When she arrived at the doctor’s office, the nurse told her the price had gone up to five hundred.
Mom put her four bills on the doctor’s desk. “This is all I have. Please help me.”
She drove herself from the airport back to our tiny rented house in Jericho, New York, arriving home around midnight—bleeding profusely, doubled over with cramps.
She got into bed carefully, not wanting to wake up my father.
He turned toward her in the darkness as she drew the covers up to her chin.
“I’ve changed my mind,” he said. “If you don’t want to have my child, I don’t want to stay married to you. I’ve packed my bags and I’ll be leaving in the morning.”
I was four years old, my sister two and a half.
In my pediatrician’s parking lot, a gigantic Range Rover finally pulled out of a space.
“No, Mom, really,” I said. “I couldn’t have handled the shit you dealt with when we were little. You’re fucking amazing.”
We sat in the waiting room for twenty-five minutes, then the examining room for another ten before the doctor came in. Mom took the chair and settled Parrish in her lap. I sat up on the crinkly-papered exam table with India.
“Do the girls need shots this time?” she asked.
“Probably. It seems like they have to get a few more every time we come in. Hep B, DTaP, meningitis… endless.”
Mom shivered. “Poor little things.”
The doctor bustled in, clipboard in hand. “Mrs. Bauer?”
Dare, I thought to myself, having kept my maiden name. But it seemed needlessly strident to correct her so I just nodded.
“We’re behind on the girls’ vaccination schedule,” she said. “I’d like to get them caught up today.”
Mom raised an eyebrow at me, having always been a proponent of the “I don’t think that really needs stitches” school of parenting.
“Okay, I guess.” I mean, I didn’t want to leave my children vulnerable to typhoid, or whatever, right?
Parrish wailed in my lap as she got an injection in each arm. I closed my eyes and stroked her hair, whispering shhhh in her ear. “It’s okay, sweetie… It’s okay. All done now.”
India screamed next, struggling in Mom’s lap.
I was just so damn tired. The pitiful sound of both children’s sobs made tears well up in my eyes.
“Now, we find these shots are usually tolerated really well,” said the doctor, “but if the girls have any discomfort tonight, it’s all right to give them a little liquid Tylenol.”
“Okay,” I said. “Thank you.”
The woman grabbed her clipboard and race-walked out of the room.
“What a bitch,” said Mom in a stage whisper the moment the exam room door had clicked shut.
I snickered despite myself and turned to look at her.
“Oh, Mom… you cried, too?” I said, handing her a wad of Kleenex from the doctor’s stash. “Your mascara’s running.”
“I couldn’t stand it,” she said, sniffling and dabbing at her eyes. “Getting a shot in each arm? Horrible.”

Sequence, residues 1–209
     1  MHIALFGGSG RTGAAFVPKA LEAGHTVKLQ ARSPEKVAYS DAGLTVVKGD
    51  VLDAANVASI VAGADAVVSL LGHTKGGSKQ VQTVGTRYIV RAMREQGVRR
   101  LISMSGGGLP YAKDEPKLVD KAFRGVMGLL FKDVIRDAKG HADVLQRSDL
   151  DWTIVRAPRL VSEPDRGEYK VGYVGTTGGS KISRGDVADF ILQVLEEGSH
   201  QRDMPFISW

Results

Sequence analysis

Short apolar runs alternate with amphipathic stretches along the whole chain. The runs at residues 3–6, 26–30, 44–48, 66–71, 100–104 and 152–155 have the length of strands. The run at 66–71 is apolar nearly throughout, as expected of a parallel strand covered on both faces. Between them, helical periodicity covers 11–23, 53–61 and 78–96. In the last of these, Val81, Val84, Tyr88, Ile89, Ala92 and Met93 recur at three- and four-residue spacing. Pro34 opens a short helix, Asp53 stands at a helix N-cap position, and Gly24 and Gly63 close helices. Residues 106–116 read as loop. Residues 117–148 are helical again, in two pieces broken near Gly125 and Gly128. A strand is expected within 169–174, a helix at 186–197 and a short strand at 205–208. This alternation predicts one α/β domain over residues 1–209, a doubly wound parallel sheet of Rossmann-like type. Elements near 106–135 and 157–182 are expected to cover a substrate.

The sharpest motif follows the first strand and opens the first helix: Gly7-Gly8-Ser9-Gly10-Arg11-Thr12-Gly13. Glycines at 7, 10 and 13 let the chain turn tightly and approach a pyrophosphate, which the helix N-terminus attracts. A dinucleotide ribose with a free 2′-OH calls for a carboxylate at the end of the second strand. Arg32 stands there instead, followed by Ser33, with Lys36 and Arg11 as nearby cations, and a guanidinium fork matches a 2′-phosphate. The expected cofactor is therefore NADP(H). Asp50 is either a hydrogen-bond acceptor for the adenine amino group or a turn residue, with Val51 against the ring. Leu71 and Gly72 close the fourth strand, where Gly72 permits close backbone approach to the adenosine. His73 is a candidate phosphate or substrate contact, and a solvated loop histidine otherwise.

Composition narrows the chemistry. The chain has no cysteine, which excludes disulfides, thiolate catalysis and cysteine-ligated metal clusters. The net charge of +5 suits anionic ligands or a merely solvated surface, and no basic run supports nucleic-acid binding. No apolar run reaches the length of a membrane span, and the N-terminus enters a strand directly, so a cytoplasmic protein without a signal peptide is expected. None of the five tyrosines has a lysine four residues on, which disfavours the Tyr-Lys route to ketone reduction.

We carried the girls back out to the parking lot. India was asleep before Mom had finished fastening the straps on her car seat.
“Why don’t you go up and take a nap when we get home, Madeline?” said Mom. “You look exhausted.”
“That would be my idea of Nirvana,” I said, right before Parrish projectile-vomited all over me.
I was looking for clean clothes for Parrish once we’d gotten back to the house.
“I’ll do all that,” said Mom. “Don’t be silly.”
“But you shouldn’t have to—”
She took me gently by the shoulders and turned me toward the staircase.
“Go upstairs,” said my mother. “Wash your face. Put on a clean shirt.”
I just stood there for a minute, then glanced back over my shoulder.
Mom had already somehow stripped Parrish down to just a diaper and laid her gently on the sofa. “I think she’s finished throwing up, poor little thing.”
Even so, the cushions beneath her were now miraculously, tautly sheeted with several clean towels.
I shook my head. “How did you get—”
“Go upstairs,” said Mom, shaking a crook’d finger at me. “I’m the mother, and I say so.”
When I reached the landing, I heard her call my name from below.
“Yeah?” I said, peering back down over the banister.
“Turn your dirty clothes inside out and throw them down here once you’ve got them off. I’ll start a load of laundry.”
“And then I think you should run yourself a bath.”
She stepped into sight beneath me. “After that you can go to sleep.”
I bowed to her in gratitude, knocking my forehead three times against the banister.
I’d just gotten out of the bathtub and wrapped myself in a big towel when Mom came upstairs.
“Is Parrish okay?” I asked, reaching back into the tepid water to yank out the plug by its chain.
“I gave her some apple juice and she kept it down. She might go to sleep for a while.”
“Do you think I should take her temperature?”
“I think you should take a nap.”